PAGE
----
//bisection method
#include<iostream>
#include<cmath>
#include<iomanip>
using namespace std;
double f(double x); //declare the function for the given equation
double f(double x) //define the function here, ie give the equation
{
double a=pow(x,3)-x-11.0; //write the equation whose roots are to be determined
return a;
}
int main()
{
cout.precision(4); //set the precision
cout.setf(ios::fixed);
double a,b,c,e,fa,fb,fc; //declare some needed variables
a:cout<<"Enter the initial guesses:\na="; //Enter the value of a(set a label('a:') for later use with goto)
cin>>a;
cout<<"\nb="; //Enter the value of b
cin>>b;
cout<<"\nEnter the degree of accuracy desired"<<endl; //Enter the accuracy
cin>>e; //e stands for accuracy
if (f(a)*f(b)>0) //Check if a root exists between a and b
{ //If f(a)*f(b)>0 then the root does not exist between a and b
cout<<"Please enter a different intial guess"<<endl;
goto a; //go back to 'a' ie 17 and ask for different values of a and b
}
else //else a root exists between a and b
{
while (fabs(a-b)>=e) /*if the mod of a-b is greater than the accuracy desired keep bisecting the interval*/
{
c=(a+b)/2.0; //bisect the interval and find the value of c
fa=f(a);
fb=f(b);
fc=f(c);
cout<<"a="<<a<<" "<<"b="<<b<<" "<<"c="<<c<<" fc="<<fc<<endl;/*print the values of a,b,c and fc after each iteration*/
if (fc==0) //if f(c)=0, that means we have found the root of the equation
{
cout<<"The root of the equation is "<<c; /*print the root of the equation and break out of the loop*/
break;
}
if (fa*fc>0) //if f(a)xf(c)>0, that means no root exist between a and c
{
a=c; /*hence make a=c, ie make c the starting point of the interval and b the end point*/
}
else if (fa*fc<0)
{
b=c; /*this means that a root exist between a and c therfore make c the end point of the interval*/
}
}
} //The loop ends when the difference between a and b becomes less than the desired accuracy ie now the value stored in 'c' can be called the approximate root of the equation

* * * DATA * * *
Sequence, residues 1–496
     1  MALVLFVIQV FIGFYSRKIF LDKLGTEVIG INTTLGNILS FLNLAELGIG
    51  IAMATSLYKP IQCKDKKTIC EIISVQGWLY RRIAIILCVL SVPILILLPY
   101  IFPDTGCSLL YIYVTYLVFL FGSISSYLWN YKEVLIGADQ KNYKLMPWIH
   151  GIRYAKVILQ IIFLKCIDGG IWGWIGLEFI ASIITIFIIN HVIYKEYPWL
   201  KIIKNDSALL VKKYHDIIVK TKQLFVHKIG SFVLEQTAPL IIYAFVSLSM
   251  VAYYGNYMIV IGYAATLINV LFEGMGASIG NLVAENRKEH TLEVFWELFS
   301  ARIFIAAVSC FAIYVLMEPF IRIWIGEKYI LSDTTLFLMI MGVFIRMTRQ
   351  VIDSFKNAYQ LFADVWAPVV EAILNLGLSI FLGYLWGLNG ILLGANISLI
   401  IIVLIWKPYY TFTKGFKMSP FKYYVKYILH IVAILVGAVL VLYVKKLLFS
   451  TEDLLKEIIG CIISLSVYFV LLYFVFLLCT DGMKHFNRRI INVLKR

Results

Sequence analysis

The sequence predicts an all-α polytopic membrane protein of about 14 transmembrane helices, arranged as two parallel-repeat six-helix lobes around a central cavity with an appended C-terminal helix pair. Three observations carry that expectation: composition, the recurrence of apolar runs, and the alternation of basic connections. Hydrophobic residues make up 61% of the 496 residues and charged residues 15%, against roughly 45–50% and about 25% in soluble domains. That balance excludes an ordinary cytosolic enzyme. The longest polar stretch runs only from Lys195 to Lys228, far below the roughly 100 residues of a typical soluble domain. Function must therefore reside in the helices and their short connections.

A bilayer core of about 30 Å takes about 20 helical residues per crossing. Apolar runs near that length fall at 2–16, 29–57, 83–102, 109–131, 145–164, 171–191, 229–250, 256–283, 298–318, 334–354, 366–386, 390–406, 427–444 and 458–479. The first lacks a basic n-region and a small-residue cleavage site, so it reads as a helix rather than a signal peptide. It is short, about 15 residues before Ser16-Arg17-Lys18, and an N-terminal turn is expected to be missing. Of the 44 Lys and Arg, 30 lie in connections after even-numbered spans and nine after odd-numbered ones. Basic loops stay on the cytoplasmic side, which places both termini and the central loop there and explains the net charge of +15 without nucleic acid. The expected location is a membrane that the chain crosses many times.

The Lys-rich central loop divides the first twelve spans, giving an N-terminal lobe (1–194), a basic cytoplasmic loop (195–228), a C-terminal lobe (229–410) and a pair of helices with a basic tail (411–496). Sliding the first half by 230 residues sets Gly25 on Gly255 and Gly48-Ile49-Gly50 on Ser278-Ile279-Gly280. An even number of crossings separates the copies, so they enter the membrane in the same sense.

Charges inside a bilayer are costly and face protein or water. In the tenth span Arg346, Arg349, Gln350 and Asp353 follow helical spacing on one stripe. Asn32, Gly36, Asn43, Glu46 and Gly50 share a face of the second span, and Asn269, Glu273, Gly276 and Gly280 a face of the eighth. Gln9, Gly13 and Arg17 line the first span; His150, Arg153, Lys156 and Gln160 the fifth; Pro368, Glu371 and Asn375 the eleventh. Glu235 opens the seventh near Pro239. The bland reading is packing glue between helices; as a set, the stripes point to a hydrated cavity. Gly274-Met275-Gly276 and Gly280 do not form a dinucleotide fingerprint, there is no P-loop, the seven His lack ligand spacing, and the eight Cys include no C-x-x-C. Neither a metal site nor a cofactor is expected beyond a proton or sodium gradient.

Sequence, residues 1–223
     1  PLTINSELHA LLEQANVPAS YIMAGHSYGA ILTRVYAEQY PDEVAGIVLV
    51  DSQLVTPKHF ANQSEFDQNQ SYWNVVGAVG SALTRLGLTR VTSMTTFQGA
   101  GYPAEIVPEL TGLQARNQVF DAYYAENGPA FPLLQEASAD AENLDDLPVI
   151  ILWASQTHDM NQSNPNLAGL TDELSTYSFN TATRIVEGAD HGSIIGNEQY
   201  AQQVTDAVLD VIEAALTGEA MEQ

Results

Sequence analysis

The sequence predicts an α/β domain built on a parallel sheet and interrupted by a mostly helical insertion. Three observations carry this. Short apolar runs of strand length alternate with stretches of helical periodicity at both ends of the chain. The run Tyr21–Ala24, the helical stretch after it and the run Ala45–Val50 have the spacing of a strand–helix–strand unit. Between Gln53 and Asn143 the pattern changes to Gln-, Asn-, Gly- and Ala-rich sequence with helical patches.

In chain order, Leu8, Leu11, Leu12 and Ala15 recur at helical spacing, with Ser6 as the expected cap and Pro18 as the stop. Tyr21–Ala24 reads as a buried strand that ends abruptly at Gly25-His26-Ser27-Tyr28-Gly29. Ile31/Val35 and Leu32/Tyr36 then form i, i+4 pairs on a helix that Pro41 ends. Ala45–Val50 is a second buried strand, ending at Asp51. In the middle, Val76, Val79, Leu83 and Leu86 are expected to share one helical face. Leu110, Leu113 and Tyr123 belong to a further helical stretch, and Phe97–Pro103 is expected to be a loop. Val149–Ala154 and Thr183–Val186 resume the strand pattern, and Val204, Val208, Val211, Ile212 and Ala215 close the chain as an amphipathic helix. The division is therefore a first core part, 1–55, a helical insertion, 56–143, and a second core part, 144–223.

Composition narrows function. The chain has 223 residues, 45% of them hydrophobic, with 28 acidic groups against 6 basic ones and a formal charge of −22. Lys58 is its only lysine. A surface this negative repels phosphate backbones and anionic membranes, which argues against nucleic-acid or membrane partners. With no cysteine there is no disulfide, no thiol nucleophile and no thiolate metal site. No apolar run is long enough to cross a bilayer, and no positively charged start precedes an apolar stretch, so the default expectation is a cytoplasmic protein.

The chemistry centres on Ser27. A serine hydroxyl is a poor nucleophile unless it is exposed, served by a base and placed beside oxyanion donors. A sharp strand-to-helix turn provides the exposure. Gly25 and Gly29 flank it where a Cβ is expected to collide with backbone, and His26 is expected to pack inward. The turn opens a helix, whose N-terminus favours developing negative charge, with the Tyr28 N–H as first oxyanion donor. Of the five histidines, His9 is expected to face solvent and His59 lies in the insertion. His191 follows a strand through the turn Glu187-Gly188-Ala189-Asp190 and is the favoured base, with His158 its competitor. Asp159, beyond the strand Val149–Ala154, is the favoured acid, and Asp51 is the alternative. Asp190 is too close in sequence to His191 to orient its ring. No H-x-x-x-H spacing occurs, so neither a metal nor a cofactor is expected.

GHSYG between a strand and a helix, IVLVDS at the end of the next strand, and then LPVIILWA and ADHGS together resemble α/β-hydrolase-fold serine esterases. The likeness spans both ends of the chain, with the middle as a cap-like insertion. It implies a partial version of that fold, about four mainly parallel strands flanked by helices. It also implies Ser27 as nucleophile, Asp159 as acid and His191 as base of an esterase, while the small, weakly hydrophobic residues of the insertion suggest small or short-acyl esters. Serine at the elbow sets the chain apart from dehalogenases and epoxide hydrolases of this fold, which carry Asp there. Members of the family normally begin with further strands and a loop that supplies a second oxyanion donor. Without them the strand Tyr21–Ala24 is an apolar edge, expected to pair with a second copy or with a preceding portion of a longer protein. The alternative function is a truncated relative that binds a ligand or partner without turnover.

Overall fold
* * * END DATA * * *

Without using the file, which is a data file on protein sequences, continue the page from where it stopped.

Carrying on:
cout<<"The root of the equation is "<<c; //print the root
return 0;
}
//output attached as jpg

PhD researcher at Friedrich-Schiller University Jena, Germany. I'm a physicist specializing in computational material science. I write efficient codes for simulating light-matter interactions at atomic scales. I like to develop Physics, DFT and Machine Learning related apps and softwares from time to time. Can code in most of the popular languages. Like to share my knowledge in Physics and applications using this Blog and a YouTube channel.

It’s also known as error tolerance.
It implies, that the roots determined at two successive iterations don’t differ more than the degree of accuracy.
This means that the calculations have converged to the tolerance desired. So, for example if you set a tolerance of 0.0001, then the program stops iterating when the root at the current iteration doesn’t differ from the root at the previous iteration by more than 0.0001.
So, this means that the root has converged upto 3 decimal places. So, the numerical root would match the numerical root till 3 decimal places.
A much tighter convergence criteria, implies a very small value of error tolerance, ex: 0.0000001. But this may take a lot of iterations.
Here, is another much rigorous definition: https://en.wikipedia.org/wiki/Order_of_accuracy

Your loop Has to be do_while.

He will write the code the way he wants. Who are you sucker?

tnx i like the code but i want to know what did you mean when you say degree of accuracy desired

do you have the flow chart in detail for bisection and newton’s raphson method? Please

error should be–

Cnew-Cold,,,,, isn’t it?

how do i do this

sir,what does you mean by degree of accuracy?

Are you talking about iteration or something else?

It’s also known as error tolerance.

It implies, that the roots determined at two successive iterations don’t differ more than the degree of accuracy.

This means that the calculations have converged to the tolerance desired. So, for example if you set a tolerance of 0.0001, then the program stops iterating when the root at the current iteration doesn’t differ from the root at the previous iteration by more than 0.0001.

So, this means that the root has converged upto 3 decimal places. So, the numerical root would match the numerical root till 3 decimal places.

A much tighter convergence criteria, implies a very small value of error tolerance, ex: 0.0000001. But this may take a lot of iterations.

Here, is another much rigorous definition: https://en.wikipedia.org/wiki/Order_of_accuracy

I like your Inspiration article on Bisection Method